Darroch F & Jasper A (2021) The Ghosts of Lilith: Haunting narratives of witness and the postcolonial poetry of Shivanee Ramlochan. Literature and Theology, 35 (4), pp. 433-448. https://doi.org/10.1093/litthe/frab029
This article discusses some of the themes and implications of Lilith’s story. After setting the figure of Lilith in an historical context of Sumerian demonology and first millennium CE Babylonian midrash, we reflect on the current critical, feminist, postcolonial, and poetic up-take of this curious tale of Adam’s first wife. We consider how Lilith’s story appears in these readings, woven through migrated narratives of loss and trauma drawn from widely different communities, as a thread of ghostly witness to suffering and resilience within the everyday lives of women and others who have been bound by heteropatriarchal and colonial tropes and traditions, to the materiality of the body in birth, vulnerability to violence and death. Briefly illustrating Lilith as expressed in George MacDonald’s Lilith (1895), we draw on the work of Gayatri Spivak and Mayra Rivera to explore contemporary traces of Lilith’s presence in the writings ofAlicia Ostriker and, especially, Trinidadian poet, Shivanee Ramlochan. In reference to Ramlochan’s debut collection, Everyone Knows I am a Haunting (2017) we consider how Lilith is used to challenge these limiting tropes and traditions, giving value to complex identities and material existences that resist efforts to impose silence or contest memories that trouble and unsettle.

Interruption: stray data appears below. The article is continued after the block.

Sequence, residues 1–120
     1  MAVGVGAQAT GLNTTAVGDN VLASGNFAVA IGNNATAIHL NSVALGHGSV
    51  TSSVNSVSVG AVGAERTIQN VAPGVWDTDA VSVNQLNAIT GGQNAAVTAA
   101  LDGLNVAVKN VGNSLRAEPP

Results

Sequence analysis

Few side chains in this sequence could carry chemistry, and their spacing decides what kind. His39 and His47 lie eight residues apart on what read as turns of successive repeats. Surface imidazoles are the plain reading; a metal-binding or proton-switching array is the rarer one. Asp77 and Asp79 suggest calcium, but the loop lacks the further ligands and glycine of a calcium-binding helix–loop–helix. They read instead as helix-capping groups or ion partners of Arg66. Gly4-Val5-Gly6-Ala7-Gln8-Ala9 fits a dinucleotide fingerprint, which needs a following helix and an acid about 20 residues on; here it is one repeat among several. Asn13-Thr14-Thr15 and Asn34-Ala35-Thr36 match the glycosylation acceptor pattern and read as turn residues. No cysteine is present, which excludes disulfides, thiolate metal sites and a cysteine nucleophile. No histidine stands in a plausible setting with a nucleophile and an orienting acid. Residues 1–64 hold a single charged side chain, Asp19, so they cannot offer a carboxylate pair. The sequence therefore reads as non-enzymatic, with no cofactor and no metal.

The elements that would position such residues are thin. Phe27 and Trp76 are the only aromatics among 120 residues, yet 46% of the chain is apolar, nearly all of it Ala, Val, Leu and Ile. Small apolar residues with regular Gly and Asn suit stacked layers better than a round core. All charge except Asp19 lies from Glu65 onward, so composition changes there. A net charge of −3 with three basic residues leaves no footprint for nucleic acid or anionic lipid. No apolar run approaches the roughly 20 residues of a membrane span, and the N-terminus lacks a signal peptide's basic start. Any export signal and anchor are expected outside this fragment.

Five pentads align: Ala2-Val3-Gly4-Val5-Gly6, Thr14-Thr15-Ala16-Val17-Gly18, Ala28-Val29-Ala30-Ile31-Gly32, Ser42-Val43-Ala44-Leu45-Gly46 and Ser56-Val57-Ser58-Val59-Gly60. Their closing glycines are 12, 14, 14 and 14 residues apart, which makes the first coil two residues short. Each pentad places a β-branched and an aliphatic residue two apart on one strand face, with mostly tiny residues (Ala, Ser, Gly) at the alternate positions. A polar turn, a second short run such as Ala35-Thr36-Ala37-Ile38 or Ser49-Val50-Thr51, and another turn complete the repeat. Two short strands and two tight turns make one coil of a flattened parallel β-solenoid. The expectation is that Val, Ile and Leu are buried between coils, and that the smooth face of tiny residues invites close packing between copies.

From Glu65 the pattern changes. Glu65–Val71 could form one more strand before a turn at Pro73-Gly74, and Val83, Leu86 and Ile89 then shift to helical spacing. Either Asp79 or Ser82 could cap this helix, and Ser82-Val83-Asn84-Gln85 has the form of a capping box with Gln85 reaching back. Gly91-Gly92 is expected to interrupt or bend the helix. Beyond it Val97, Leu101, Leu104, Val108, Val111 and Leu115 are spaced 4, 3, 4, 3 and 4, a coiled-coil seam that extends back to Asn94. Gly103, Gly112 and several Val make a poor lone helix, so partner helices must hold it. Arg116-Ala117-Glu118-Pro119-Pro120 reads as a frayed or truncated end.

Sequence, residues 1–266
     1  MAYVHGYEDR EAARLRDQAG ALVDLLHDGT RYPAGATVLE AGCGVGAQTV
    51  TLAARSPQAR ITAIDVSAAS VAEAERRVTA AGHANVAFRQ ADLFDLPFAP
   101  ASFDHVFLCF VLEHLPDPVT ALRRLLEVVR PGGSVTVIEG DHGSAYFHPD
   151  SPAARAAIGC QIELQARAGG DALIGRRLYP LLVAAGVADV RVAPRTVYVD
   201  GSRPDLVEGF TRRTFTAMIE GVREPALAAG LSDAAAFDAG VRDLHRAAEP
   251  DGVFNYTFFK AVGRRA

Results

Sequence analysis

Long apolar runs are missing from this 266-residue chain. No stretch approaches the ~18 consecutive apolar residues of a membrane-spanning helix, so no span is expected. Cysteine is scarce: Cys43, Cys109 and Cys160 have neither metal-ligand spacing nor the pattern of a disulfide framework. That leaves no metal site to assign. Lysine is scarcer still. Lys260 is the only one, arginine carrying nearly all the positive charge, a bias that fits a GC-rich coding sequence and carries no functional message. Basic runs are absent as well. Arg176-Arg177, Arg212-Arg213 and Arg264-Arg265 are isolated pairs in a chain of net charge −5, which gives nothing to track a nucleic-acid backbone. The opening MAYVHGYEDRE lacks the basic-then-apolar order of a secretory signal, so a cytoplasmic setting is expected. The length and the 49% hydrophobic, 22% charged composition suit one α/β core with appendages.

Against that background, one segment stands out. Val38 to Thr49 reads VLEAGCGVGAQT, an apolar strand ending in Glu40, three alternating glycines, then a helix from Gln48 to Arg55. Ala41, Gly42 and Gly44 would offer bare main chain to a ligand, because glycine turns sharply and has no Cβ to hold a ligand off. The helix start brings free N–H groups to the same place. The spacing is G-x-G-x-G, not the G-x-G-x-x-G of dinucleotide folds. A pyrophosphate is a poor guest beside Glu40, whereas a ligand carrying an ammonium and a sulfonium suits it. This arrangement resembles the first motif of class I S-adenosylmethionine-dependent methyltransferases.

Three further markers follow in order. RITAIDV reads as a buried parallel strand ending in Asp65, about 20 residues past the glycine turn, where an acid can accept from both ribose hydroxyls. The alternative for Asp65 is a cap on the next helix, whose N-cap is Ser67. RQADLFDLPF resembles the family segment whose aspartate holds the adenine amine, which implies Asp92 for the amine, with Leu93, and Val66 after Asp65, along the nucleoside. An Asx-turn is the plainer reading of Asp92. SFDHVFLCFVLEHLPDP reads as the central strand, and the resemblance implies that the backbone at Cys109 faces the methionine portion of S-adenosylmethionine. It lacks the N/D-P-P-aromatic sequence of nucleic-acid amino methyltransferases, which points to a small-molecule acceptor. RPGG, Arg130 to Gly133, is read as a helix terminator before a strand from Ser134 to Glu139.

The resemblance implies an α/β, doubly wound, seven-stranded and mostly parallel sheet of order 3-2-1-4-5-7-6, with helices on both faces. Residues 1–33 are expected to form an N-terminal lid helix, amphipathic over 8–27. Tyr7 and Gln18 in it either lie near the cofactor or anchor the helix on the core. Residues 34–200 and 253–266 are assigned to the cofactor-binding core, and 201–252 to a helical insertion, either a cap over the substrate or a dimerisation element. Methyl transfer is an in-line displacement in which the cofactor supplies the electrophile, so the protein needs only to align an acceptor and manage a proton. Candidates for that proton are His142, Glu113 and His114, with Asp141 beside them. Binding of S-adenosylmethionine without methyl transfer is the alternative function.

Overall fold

Lilith; Feminism; Haunting; Witness; Postcolonial; Poetry
Literature and Theology: Volume 35, Issue 4
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